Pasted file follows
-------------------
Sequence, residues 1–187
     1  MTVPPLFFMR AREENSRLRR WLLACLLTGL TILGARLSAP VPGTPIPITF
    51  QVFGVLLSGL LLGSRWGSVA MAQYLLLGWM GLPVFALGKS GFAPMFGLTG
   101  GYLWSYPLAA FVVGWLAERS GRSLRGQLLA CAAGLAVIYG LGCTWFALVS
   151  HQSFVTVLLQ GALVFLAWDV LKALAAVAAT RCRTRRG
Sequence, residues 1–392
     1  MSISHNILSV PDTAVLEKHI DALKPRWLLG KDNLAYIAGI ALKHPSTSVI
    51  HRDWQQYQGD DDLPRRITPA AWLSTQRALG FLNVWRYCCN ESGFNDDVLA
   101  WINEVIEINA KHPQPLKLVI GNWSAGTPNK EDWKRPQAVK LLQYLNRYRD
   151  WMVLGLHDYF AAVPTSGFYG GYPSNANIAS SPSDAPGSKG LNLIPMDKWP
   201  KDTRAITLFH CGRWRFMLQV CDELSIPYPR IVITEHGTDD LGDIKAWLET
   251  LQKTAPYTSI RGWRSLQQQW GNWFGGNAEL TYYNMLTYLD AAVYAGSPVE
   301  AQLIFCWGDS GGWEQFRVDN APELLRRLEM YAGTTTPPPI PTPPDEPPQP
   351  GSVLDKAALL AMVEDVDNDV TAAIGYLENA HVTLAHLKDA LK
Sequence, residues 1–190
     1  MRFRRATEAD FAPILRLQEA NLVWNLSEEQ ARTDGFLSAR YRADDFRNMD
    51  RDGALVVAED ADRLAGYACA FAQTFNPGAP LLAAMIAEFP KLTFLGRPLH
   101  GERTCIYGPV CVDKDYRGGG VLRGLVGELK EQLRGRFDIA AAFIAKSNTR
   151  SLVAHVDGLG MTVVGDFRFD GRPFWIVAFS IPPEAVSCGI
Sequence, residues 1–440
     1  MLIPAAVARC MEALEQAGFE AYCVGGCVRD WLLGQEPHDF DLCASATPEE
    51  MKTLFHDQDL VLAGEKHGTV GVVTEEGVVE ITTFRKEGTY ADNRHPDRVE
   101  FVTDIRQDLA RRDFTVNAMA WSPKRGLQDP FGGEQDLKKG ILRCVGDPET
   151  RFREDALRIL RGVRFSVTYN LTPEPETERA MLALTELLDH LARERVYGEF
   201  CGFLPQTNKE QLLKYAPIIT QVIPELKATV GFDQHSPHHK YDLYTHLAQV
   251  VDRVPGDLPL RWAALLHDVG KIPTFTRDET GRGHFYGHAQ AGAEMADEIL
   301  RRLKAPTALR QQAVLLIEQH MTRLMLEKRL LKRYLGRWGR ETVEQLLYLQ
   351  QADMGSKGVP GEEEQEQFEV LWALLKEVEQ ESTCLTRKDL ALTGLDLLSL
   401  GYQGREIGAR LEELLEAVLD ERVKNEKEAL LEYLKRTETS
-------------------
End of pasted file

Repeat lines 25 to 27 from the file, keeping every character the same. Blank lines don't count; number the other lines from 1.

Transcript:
   201  CGFLPQTNKE QLLKYAPIIT QVIPELKATV GFDQHSPHHK YDLYTHLAQV
   251  VDRVPGDLPL RWAALLHDVG KIPTFTRDET GRGHFYGHAQ AGAEMADEIL
   301  RRLKAPTALR QQAVLLIEQH MTRLMLEKRL LKRYLGRWGR ETVEQLLYLQ